E i = E i ′+P+J i =E′+P

[0044] can be estimated by averaging E; E + P E _ i = 1 n i = 1 n E i .

[0045] Averaging n values reduces the variance of Ei by 1/n. It will be appreciated that the mean delay incorporates and thus accounts for the clock offset.

[0046] Also as previously described, the mean delay is caused by the time required to create, multiplex and broadcast the reference signal. Within a network, broadcast propagation time between a broadcast site and individual receiving locations will vary from one to another. However, considering transmission speeds, this variation is small relative to the mean delay. Practically, because the mean delay at any one receiving location is constant, and the variation of the mean delay across a network is small, the imprecision introduced by ignoring the mean delay suitably is neglected. Alternatively, however, if the mean delay can be measured or estimated, the mean delay can be compensated by appropriately adjusting the value of the reference time in the synchronization signal.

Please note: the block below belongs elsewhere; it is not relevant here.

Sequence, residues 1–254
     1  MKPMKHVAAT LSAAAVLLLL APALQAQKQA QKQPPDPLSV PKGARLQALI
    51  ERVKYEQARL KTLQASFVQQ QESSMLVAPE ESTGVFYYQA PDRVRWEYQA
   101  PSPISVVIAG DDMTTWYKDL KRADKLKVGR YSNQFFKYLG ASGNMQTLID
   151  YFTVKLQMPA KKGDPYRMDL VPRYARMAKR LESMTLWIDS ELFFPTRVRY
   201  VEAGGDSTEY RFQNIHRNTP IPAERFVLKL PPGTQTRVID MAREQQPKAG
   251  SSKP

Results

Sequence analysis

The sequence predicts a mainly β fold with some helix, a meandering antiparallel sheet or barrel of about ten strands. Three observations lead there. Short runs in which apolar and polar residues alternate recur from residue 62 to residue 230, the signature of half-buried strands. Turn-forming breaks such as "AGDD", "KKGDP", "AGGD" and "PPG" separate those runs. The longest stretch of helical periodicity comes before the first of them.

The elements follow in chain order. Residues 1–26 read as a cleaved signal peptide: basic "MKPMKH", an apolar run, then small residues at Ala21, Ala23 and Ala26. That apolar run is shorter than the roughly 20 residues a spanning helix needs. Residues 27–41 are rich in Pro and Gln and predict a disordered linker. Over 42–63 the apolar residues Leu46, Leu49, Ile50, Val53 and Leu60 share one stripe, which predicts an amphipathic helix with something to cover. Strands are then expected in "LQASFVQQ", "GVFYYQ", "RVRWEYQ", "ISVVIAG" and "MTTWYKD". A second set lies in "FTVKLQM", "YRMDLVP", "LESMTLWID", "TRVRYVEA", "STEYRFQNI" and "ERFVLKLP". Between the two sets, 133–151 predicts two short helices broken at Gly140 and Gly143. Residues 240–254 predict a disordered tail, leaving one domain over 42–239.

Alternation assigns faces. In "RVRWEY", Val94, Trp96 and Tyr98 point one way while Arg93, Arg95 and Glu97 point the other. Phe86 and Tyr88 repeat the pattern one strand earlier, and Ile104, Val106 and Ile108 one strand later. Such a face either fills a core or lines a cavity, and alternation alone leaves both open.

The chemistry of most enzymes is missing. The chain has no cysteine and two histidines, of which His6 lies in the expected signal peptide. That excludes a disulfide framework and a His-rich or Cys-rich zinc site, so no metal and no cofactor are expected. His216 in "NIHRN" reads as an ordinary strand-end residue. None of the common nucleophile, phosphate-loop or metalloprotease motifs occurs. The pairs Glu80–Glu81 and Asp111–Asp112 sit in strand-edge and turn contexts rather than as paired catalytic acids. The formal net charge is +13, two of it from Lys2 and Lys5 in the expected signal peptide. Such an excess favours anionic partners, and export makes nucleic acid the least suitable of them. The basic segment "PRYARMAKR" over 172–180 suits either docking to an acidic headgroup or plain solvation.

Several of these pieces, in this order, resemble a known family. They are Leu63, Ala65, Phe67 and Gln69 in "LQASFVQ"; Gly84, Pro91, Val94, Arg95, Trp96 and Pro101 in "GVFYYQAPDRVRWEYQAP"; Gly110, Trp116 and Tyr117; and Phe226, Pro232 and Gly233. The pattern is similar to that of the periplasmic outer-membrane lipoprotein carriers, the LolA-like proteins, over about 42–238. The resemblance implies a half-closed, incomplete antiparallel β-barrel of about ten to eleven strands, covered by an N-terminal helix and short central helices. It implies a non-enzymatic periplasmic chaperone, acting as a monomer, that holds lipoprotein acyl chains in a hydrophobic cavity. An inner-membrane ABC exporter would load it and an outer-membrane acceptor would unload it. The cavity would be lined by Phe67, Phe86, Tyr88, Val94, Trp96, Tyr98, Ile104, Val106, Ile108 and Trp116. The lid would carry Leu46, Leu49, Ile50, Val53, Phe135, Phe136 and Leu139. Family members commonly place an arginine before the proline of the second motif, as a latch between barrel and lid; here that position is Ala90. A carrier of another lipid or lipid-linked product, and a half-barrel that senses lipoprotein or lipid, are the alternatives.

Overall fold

[0047] In one presently preferred embodiment, the synchronization signal is transmitted once every two seconds. The apparent offset is measured for four consecutive received sync signals, and the offsets averaged. The clock is then set according to the average offset value. One minute later, the process is repeated. Therefore, once started, synchronization takes no longer than ten seconds to occur, and is updated at least once every 70 seconds. If the master and slave clock do not have the same rate, Ei′ is a function of time, and the averaging process yields an time-averaged value for E′. However, for practical devices, the difference in rates is not sufficient to introduce a significant error when re-synchronization occurs each minute.

[0048]FIG. 5 shows a flowchart of a routine 500 for synchronizing a slave clock according to an embodiment of the present invention. At a block 504 a first reference time signal from the master clock is received. At a block 506, the slave clock time is synchronized to the master clock time contained in the first reference signal. At a block 508, an error accumulator, which is used to accumulate total error between master clock reference time signals in the basis set and the slave clock time signals in comparison set, is set to zero. At a block 510, a master clock reference time signal is read and an error representing a difference between the master clock reference time signal and a slave time signal generated at a time corresponding to receipt of the master clock reference time signal is calculated and added to an accumulator total.